Here's the tl;dr:

type(app)
=> Django/Express.js/etc. app
secure_system(app)
=> Docker image

Or in other words, you'll be able to take an existing web app that you've written, run it through this system, and it will spit out a complete, reasonably-secure system image.

Let's step back.

The status quo

Currently, when a developer wants to run a web app, they can either use something like Heroku, which is fully manged, or a VM from DigitalOcean or Amazon EC2 or something. There are a variety of reasons you might not want to use Heroku, but the only other option is a VM - and with a VM, you get a bare system where you have to set up everything from scratch. Lots of developers just don't have the operational experience to do this properly or securely, but it's not like they can go and get an operations team to do it for them. So they end up with systems that may have active security problems as well as little to no defense-in-depth mitigations for when security inevitably fails. Security is just another operational concern the developer has no time and no expertise to deal with, so it just doesn't happen. The developer spins up a VM, gets it to where it "works" and then moves on. This is not good enough.

I don't want to create a false dichotomy, though: this is not the developer's fault. Everyone has conflicting priorities and it's unreasonable to expect the developer to spend lots of time learning to administrate systems so that they can then spend even more time, you know, administering systems. The problem is that there just isn't enough options available - we have to provide something better.

A middle ground

This is what my project is about: creating a middle ground between fully-managed deployment platforms and barebones, setup-from-scratch VMs.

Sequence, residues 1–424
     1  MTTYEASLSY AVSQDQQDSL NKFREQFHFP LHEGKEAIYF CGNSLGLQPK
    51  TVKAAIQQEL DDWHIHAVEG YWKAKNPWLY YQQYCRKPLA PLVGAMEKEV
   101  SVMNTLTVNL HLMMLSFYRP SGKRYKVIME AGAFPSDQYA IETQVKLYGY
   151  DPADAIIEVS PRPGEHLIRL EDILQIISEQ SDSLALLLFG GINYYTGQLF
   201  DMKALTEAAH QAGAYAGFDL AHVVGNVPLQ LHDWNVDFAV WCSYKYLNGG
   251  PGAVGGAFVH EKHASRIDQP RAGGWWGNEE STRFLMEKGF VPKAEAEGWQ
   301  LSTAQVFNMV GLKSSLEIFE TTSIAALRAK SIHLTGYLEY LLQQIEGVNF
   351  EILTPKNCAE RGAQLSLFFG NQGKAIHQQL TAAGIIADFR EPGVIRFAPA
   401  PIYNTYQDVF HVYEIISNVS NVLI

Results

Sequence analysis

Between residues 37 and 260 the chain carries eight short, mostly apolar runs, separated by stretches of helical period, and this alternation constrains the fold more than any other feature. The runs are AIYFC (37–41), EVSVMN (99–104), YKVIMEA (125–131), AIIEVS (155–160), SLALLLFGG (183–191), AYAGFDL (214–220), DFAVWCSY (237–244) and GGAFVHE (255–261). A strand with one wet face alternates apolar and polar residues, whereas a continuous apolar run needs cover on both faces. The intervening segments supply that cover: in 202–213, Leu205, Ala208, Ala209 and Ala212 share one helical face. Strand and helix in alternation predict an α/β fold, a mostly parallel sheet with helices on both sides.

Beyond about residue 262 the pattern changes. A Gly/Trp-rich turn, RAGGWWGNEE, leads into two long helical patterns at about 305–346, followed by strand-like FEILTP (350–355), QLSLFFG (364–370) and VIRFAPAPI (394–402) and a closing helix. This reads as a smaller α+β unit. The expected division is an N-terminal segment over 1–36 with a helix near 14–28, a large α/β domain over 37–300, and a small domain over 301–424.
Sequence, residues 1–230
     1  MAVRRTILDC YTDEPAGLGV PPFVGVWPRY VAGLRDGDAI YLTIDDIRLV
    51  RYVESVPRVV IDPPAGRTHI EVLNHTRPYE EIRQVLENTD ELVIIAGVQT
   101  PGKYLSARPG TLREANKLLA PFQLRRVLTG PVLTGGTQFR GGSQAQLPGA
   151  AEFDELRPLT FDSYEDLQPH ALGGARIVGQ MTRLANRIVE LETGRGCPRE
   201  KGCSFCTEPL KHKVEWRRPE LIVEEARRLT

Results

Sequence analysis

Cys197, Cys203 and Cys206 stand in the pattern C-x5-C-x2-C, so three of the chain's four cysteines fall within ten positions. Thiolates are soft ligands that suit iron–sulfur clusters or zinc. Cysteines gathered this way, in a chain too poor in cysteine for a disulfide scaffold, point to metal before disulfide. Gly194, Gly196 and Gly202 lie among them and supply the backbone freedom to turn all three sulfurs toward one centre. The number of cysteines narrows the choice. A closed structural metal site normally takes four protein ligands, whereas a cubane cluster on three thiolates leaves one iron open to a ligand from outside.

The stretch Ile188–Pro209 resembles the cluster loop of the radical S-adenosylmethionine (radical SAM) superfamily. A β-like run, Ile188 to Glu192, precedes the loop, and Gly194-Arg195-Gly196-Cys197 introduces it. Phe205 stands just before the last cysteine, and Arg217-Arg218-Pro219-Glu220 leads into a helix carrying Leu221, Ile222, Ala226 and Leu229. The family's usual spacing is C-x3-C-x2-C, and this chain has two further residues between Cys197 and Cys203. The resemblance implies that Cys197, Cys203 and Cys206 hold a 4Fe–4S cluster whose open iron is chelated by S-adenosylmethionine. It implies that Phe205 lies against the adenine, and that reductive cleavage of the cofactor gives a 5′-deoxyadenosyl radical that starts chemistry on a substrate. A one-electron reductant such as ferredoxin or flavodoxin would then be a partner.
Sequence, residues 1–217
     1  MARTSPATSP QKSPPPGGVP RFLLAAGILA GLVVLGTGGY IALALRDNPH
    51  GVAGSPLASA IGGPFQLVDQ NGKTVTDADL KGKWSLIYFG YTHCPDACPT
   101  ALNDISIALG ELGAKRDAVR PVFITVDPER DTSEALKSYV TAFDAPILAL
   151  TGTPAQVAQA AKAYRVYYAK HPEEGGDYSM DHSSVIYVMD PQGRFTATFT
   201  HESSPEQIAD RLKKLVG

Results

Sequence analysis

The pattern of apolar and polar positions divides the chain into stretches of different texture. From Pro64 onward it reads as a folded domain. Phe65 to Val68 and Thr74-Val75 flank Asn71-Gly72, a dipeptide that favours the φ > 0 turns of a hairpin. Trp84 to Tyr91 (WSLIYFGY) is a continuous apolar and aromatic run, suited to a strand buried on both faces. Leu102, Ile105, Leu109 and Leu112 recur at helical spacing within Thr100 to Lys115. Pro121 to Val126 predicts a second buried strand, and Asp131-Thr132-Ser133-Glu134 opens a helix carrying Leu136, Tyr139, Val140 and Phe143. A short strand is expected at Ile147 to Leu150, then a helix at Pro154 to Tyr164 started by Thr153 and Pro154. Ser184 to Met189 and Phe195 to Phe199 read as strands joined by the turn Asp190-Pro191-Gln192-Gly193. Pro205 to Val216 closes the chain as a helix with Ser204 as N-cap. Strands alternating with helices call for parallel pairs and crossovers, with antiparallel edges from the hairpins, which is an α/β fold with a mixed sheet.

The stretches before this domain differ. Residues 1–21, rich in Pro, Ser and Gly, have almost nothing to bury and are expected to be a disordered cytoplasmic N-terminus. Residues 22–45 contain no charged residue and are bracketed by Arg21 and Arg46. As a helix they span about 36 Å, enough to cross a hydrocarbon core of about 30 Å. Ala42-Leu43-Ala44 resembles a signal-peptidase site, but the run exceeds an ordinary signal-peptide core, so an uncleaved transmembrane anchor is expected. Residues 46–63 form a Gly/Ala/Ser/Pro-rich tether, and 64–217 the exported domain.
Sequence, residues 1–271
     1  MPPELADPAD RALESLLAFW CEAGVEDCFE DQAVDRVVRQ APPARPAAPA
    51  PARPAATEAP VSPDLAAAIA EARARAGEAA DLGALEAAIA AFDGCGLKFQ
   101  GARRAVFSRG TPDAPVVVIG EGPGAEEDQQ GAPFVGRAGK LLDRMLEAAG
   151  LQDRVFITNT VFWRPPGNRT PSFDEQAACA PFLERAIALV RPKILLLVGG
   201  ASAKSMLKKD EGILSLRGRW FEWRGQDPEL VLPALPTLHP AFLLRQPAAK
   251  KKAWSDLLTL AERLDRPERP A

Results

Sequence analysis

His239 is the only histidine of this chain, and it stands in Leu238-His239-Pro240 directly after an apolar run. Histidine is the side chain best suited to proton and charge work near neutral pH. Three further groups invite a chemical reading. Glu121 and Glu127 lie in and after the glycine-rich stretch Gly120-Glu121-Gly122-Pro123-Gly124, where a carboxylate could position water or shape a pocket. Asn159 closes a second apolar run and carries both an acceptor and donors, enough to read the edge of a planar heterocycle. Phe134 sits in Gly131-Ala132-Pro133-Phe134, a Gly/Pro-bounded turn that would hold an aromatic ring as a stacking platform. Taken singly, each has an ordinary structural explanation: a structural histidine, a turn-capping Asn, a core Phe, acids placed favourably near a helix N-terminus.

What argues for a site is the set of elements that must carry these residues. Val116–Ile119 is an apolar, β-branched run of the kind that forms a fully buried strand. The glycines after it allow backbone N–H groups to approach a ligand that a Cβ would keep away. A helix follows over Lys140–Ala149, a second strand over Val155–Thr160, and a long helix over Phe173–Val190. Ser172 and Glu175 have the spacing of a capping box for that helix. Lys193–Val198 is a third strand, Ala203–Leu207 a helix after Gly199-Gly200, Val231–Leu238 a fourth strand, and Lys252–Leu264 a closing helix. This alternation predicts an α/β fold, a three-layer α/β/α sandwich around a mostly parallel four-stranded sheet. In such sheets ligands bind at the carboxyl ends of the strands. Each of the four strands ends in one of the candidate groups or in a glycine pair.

This project rests on the idea that operational security (at least, in a single-server, single-admin context) flows from consistency, least privilege, and proactive, defense-in-depth security measures. Here are a couple core design goals:

  1. Meet developers where they are. Configuration management like Puppet is a great way to enforce consistency, but it adds a level of indirection and is just another thing that people running hobbyist projects don't have time to learn.
  2. Tight integration with apps - this excludes more obscure types of web applications, but gives us a better footing to set up a solid deployment environment. It also may let us integrate more tightly with things like Content Security Policy in the future.
  3. Support virtual hosting. The ability to run multiple apps while paying for a single VM is a compelling reason people go with VMs over e.g. Heroku - we won't be helping anyone if we leave this out.
  4. Upgrades are optional. Any system image created by this project will present a system that is organized and can be maintained and modified by hand without breaking everything.
  5. Upgrades are possible. Tight app framework integration will aid with putting data into well-known places that can be backed up and migrated to a new image generated by a newer version of this system.
  6. Not designed for "real" production environments. Any project that has a dedicated operations person should not be using this; they should be rolling their own custom environments with something like Puppet. Accordingly, there won't be compromises in security in favor of flexibility - it's designed to cover 75% of cases "pretty well", which is still better than the status quo for smaller projects (almost 100% of cases don't have any security at all).

I'd also like to highlight one really important decision: the output is complete system images. Probably at first this will mean Docker containers but this could easily be turned into VM images. This is a critical part of the design because it allows us to make broad, sweeping changes - for example, preferring system components written in memory-safe languages, replacing OpenSSL with LibreSSL, or creating systemd unit files that lock down service runtime environments to reduce the impact of a compromise. These improvements aren't possible unless we control the whole system. And because upgrades are optional but possible, the developer can get security improvements by "just" upgrading a component that they use, in the same way that they'd upgrade a library or something, as opposed to security being a continuous process they have to worry about. Again, obviously not perfect - but much better than the status quo.

I hope to have a MVP out Real Soon Now™. But in the meantime, if you have thoughts, feel free to reach out.